“If you are disabled, it is probably not your fault, but it is no good blaming the world or expecting it to take pity on you. One has to have a positive attitude and must make the best of the situation that one finds oneself in; if one is physically disabled, one cannot afford to be psychologically disabled as well. In my opinion, one should concentrate on activities in which one's physical disability will not present a serious handicap. I am afraid that Olympic Games for the disabled do not appeal to me, but it is easy for me to say that because I never liked athletics anyway. On the other hand, science is a very good area for disabled people because it goes on mainly in the mind. Of course, most kinds of experimental work are probably ruled out for most such people, but theoretical work is almost ideal. My disabilities have not been a significant handicap in my field, which is theoretical physics. Indeed, they have helped me in a way by shielding me from lecturing and administrative work that I would otherwise have been involved in. I have managed, however, only because of the large amount of help I have received from my wife, children, colleagues and students. I find that people in general are very ready to help, but you should encourage them to feel that their efforts to aid you are worthwhile by doing as well as you possibly can.”
In facilitating such a path for its students, AADI has an advantage due to its location. It is only a few hundred meters away from the best engineering institute of India (IIT). Moreover, the best medical institute of the country (AIIMS) also lies nearby. Their vicinal location can be advantageous in facilitating contact between the resident scholars of these institutes and the students of AADI on a regular basis. These interactions can help in cultivating an intellectual environment within the student community at AADI and, thereby, enabling them to grow and excel in those fields and have independent, fulfilling lives for themselves and also contributing to the society and humanity as a whole.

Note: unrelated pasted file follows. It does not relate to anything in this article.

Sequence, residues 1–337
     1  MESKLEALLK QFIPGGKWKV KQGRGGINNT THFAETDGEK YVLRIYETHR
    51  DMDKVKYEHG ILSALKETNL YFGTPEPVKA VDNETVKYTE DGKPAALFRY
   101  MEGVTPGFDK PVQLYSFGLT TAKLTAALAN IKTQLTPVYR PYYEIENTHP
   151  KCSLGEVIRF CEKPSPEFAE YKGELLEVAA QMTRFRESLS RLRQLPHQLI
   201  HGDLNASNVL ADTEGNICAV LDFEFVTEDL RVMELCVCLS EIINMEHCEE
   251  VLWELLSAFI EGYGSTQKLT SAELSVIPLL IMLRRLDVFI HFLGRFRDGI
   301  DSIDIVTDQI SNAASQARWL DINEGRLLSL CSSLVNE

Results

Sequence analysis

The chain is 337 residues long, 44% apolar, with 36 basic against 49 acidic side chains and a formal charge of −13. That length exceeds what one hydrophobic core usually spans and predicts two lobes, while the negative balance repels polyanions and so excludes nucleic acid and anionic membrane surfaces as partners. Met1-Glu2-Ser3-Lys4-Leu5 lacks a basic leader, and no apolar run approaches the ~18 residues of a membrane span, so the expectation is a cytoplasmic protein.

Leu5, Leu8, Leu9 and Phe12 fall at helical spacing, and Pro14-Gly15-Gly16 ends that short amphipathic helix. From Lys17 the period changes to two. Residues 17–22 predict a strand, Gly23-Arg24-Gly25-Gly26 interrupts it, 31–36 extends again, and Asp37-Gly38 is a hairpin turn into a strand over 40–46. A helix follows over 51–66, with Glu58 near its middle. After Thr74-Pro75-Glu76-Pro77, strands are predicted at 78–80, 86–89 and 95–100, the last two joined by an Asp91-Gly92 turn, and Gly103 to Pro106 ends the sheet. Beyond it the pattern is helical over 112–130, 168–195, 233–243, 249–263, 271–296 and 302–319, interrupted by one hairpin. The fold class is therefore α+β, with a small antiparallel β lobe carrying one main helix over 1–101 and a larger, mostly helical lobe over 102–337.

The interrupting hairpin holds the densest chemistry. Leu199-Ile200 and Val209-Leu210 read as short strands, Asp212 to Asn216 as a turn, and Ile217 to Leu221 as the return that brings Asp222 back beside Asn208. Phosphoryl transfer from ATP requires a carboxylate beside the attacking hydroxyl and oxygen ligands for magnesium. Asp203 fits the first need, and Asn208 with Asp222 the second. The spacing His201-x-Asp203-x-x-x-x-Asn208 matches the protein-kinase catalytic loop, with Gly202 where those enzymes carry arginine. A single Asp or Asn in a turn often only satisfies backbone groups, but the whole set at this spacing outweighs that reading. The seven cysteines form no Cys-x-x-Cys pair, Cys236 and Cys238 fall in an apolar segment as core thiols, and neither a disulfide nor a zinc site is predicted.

AADI, in Sanskrit, means ‘beginning’. AADI, aptly, boasts of an initiative that has begun the process of inclusion of the disabled within the central realms of the society. Despite the fact that a lot remains to be done in tackling the largely overlooked tragedy of exclusion and stigmatization of the disabled, AADI has come a long way in realizing its stated goals. Originating from humble roots the organization is in a position wherein it is able to spread awareness regarding the vice, and mold the designs of public infrastructure. This process has been facilitated by the exemplary architecture which not only has its roots in pragmatism but also excites, inspires, and serves the public.
On leaving AADI after I had visited it for the first time, I headed to the nearest Metro station- Green Park Metro Station – of the Delhi Metro Rail Corporation. It falls on the opposite side of the road, some 500 meters away. When I reached the station I noticed a dropped-curb that led to an elevator which headed to the underground platforms. The elevator along with the dropped-curb, of course, was meant for the disabled and the elderly to be able to commute without any difficulty. The Metro Line had been recently laid in Delhi. In the rush of travel such ‘non-related’ stuff usually did not register as being important to take cognizance of. But, that time, observing the architecture of that particular station, in light of what I had experienced at AADI, for the first time, I was pleased to see that our public architecture, at least, had matured over years and become inclusive. The vicinity to AADI gave me a feeling, perhaps reasonably, that this maturity was a result of the inspirational architecture of AADI itself. And then, to my amazement, I observed that such facilities had been provided at all the metro stations that I have been through since then. AADI, on merit of its initiative and social architecture, had played a sensibly pivotal role. Some beginning, indeed!